Salt Lake County, Utah, utilized existing research to identify and fund two evidence-based programs to meet the needs of at-risk youth in Kearns Metro Township, an underserved community within the county. After a community coalition analyzed data from a state youth survey and found Kearns youth to have higher rates of alcohol and nicotine use, gang involvement, and depressive and mental health symptoms relative to the rest of the state, the coalition used the data to identify priorities for its youth programming. The coalition then created a comprehensive list of its programs, compared it to the identified priorities, determined areas where the township needed additional programming, and then consulted Blueprints for Healthy Youth Development, a national clearinghouse, to find proven effective programs that would fit those needs.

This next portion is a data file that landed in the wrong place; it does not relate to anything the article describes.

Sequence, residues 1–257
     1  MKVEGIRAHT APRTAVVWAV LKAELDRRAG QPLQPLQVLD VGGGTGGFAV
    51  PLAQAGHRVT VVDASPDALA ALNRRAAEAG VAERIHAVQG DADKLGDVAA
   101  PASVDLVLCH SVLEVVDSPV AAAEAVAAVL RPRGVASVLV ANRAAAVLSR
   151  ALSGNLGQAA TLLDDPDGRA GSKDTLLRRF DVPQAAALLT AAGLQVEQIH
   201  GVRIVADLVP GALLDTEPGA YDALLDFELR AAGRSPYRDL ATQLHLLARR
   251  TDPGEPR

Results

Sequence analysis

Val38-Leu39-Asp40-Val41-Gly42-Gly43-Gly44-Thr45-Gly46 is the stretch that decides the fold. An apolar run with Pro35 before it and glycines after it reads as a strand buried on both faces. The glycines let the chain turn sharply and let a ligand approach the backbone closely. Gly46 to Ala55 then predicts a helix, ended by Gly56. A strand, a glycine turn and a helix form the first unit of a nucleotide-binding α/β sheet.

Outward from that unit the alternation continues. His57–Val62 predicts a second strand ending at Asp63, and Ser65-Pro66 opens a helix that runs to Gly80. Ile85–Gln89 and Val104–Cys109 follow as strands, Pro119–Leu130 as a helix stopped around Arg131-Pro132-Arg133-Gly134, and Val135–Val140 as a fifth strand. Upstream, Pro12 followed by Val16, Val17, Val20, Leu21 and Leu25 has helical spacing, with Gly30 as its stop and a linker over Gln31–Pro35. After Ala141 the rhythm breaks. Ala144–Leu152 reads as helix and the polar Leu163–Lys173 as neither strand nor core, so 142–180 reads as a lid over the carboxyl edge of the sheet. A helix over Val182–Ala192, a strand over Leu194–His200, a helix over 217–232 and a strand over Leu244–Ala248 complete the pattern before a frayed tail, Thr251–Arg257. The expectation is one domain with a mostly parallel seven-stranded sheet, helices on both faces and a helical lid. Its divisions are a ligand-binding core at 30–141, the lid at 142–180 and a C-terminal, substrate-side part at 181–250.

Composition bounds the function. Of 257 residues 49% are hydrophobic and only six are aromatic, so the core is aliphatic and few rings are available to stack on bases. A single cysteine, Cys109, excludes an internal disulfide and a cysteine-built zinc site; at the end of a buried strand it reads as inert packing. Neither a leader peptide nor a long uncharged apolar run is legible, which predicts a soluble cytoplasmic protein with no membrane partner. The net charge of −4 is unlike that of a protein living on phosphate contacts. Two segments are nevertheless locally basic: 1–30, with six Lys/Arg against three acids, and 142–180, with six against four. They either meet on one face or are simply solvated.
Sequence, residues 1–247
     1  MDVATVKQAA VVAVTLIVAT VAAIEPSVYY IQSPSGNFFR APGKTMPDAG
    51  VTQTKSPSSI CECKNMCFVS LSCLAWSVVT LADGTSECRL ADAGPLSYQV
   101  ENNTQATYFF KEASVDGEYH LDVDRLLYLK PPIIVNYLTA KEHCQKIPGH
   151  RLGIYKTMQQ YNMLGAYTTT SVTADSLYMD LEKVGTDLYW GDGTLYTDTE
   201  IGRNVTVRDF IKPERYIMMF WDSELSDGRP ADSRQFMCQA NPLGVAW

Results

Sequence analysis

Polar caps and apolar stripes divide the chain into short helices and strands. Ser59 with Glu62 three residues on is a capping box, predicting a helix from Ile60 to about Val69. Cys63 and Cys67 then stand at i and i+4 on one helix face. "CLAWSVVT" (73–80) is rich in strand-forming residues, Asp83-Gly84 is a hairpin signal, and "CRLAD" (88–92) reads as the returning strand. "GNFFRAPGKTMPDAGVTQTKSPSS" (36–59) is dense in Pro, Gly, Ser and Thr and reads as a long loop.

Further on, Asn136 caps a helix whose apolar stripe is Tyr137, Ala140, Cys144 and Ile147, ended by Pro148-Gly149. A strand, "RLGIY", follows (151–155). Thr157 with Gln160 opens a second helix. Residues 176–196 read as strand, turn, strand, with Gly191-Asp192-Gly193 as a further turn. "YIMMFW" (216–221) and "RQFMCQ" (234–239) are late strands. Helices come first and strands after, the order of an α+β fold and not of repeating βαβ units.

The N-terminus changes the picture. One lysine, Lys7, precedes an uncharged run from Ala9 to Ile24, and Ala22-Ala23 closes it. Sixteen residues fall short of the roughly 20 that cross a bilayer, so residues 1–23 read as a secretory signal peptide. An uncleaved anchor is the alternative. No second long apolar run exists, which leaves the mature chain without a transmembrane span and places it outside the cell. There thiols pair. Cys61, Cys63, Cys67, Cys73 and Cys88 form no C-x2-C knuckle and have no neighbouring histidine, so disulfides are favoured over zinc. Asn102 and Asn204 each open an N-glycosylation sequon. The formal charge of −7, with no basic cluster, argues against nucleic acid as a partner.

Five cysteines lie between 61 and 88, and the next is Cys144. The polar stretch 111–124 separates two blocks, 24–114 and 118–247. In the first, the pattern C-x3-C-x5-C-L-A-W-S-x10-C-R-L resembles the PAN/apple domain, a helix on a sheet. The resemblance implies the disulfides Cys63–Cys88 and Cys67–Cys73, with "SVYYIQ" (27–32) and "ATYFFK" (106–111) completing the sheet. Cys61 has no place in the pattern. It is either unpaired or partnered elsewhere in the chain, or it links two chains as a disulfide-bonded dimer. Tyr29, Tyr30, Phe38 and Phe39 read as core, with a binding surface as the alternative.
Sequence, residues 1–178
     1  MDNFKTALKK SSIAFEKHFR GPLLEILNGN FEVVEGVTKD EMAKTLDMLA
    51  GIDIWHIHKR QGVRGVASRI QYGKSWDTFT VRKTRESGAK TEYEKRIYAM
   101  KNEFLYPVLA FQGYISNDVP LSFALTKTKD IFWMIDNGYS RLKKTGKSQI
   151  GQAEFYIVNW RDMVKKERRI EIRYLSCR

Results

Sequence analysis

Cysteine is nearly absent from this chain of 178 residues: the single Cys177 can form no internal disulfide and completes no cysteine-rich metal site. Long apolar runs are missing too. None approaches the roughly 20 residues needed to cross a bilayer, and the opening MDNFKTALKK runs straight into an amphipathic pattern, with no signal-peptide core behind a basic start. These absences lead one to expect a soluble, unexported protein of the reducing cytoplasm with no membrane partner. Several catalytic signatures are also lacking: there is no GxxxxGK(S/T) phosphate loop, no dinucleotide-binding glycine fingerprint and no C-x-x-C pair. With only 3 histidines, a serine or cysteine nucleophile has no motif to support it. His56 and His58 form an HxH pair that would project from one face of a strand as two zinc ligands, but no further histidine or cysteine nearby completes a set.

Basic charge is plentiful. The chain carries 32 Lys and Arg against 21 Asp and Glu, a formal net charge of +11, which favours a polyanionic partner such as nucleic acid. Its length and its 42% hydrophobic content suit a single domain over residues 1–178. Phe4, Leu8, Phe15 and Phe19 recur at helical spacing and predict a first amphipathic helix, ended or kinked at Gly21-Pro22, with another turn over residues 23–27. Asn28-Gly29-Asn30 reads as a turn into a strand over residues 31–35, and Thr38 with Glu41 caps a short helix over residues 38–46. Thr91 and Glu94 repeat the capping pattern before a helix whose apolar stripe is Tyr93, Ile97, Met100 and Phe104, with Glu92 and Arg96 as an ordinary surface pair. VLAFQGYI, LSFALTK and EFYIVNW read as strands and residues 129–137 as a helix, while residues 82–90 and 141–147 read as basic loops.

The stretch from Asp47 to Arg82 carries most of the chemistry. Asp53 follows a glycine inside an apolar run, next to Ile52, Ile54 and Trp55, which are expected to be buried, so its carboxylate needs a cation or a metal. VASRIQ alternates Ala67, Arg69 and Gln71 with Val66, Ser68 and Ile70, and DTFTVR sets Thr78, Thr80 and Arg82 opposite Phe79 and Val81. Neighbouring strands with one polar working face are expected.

“We ended up with two programs: Guiding Good Choices and Positive Family Support. We decided they were the right programs because they fit several of our priorities,” says Caroline Moreno, education program manager at Salt Lake County Human Services.6 The youth survey data exposed a need for services that could help Kearns promote prevention and support youth and families to avoid risky behavior. Working through this process empowered the coalition to select programs that addressed these needs and had demonstrated results under rigorous evaluation.

Budget development: Using evidence to inform funding decisions